Translation by Iran Press Watch
According to reports, a court in Mazandaran province, citing a “fatwa from clerics” which stated that “property ownership by Baha’is is illegitimate,” ruled that the property of Sheia Taeed, a Baha’i resident of Qaemshahr town, be confiscated in favor of the “Execution of Imam Khomeini’s Order”.
HRANA News Agency, the news arm of the Human Rights Activists in Iran, reported on Monday that the Special Court of Article 49 of the Constitutional Law of Mazandaran has issued this ruling.
According to this report, Ms. Taeed was arrested at her home on the 21st of September 2021. She was released on bail on the 4th of October.
In 2021 the confiscation of Baha’i properties in the village of Ivel in Mazandaran province provoked widespread international outcry. Muslim associations in the United States and Canada, as well as a number of prominent clerics in Britain and India, issued separate statements calling on the Mazandaran judiciary to stop confiscating the property of Baha’is in Ivel and return these farmers’ property to them.
In December 2021 the Baha’i International Community released a statement about the auction of confiscated agricultural land belonging to Baha’is in the village of Kata in Dena County, Kohgiluyeh and Boyer-Ahmad Provinces. According to that statement, “the Order of Imam’s Executive Headquarters”, which operates under supervision of Ayatollah Khamenei, auctioned these lands at 15 percent of the market price and did not allow Baha’is to reclaim or re-purchase their land.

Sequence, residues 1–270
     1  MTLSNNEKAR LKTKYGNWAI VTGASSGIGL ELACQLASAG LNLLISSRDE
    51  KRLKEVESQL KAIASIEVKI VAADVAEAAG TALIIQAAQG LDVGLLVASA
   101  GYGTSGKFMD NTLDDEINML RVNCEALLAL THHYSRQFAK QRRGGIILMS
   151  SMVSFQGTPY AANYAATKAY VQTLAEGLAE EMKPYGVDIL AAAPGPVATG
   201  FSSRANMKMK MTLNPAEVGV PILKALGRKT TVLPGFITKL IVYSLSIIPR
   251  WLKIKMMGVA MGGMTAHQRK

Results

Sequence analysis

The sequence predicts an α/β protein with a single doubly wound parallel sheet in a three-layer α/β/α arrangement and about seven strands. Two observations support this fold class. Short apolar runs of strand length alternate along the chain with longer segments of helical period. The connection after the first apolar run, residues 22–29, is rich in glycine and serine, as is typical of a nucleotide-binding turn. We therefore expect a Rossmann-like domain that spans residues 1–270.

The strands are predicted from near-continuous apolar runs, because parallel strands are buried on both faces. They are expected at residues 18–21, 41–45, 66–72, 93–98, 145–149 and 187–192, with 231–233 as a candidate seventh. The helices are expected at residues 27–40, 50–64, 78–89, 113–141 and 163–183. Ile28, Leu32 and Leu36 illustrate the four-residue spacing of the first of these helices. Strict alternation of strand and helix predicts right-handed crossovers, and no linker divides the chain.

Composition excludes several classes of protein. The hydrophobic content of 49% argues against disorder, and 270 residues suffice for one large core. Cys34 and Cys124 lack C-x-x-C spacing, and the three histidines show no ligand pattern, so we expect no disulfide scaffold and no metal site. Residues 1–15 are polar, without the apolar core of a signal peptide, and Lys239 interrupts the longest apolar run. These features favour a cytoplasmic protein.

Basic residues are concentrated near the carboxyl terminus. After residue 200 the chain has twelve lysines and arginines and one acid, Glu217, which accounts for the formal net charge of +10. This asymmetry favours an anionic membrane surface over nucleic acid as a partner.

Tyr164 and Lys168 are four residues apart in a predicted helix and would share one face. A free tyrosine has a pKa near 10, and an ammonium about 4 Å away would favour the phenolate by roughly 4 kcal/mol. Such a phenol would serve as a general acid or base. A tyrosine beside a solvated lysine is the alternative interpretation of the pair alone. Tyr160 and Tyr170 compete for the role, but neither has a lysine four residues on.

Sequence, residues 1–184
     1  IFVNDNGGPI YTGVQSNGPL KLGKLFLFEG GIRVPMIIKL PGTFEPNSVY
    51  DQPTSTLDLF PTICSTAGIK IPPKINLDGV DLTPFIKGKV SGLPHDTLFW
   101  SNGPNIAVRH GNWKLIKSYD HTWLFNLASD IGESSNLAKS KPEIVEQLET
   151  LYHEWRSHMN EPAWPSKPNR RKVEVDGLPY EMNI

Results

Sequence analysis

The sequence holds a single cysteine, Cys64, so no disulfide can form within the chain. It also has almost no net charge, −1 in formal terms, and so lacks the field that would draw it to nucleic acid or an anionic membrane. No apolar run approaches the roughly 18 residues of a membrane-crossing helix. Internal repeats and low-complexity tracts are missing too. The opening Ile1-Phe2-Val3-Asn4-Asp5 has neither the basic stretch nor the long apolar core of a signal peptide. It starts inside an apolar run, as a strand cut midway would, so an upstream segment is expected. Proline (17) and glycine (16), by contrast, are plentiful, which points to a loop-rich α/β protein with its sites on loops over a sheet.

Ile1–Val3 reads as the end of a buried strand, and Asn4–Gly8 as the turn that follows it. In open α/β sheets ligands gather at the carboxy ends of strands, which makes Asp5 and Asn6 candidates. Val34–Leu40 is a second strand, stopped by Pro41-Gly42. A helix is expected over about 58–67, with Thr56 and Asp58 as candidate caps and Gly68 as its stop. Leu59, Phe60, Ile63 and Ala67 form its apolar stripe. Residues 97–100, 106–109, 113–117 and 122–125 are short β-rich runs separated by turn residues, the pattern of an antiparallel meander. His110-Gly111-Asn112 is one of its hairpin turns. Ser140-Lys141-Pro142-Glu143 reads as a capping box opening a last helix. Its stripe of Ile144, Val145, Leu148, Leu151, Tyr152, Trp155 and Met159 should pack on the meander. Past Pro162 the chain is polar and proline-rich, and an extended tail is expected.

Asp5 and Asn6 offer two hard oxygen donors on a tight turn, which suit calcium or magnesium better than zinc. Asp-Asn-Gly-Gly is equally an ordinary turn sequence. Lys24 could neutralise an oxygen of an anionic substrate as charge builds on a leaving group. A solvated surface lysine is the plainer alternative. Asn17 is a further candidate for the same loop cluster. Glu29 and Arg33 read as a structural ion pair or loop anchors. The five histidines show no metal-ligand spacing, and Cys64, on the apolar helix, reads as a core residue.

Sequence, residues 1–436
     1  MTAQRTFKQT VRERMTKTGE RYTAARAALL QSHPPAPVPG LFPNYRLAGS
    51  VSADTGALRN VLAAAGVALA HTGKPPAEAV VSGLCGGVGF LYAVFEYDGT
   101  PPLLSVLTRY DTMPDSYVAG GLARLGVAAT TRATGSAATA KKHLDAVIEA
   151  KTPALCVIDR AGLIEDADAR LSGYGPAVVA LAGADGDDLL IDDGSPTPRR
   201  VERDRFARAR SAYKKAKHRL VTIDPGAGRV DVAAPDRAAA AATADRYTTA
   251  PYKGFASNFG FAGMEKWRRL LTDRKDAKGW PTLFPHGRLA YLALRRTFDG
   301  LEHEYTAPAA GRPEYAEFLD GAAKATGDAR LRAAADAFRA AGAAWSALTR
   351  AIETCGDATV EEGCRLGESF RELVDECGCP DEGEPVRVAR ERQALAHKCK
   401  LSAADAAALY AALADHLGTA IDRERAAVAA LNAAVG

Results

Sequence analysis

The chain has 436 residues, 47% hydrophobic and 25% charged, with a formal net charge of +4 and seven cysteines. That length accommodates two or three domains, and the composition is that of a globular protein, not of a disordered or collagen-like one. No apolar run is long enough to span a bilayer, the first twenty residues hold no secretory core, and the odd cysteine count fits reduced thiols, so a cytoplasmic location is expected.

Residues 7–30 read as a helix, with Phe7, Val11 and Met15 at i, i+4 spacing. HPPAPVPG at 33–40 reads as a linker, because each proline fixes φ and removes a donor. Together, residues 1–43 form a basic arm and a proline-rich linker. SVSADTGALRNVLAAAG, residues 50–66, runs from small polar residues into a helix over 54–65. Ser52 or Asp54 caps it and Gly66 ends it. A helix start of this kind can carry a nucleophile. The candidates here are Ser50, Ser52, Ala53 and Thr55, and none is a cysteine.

A statement from the Baha’i International Community said, “Complaints from local Baha’is and even attempts to repurchase their land have been rejected by the authorities, and Baha’is have been told that they and any Muslims who enter into a deal with them will be barred from participating in the auction.”
On December 6th, 2021, Bani Dugal, the Baha’i International Senior Representative to the United Nations, called for an immediate halt to auctions of the thirteen plots of land.
In the past, officials in the Islamic Republic have repeatedly denied allegations of widespread discrimination against Baha’i citizens, saying that individuals are not being tried or barred from studying simply due to being Baha’is.
The Baha’i faith is not recognized as a religion in the Iranian constitution. The United Nations and human rights groups have repeatedly accused the Islamic Republic of widespread violations of Baha’i citizenship rights over the past 40 years.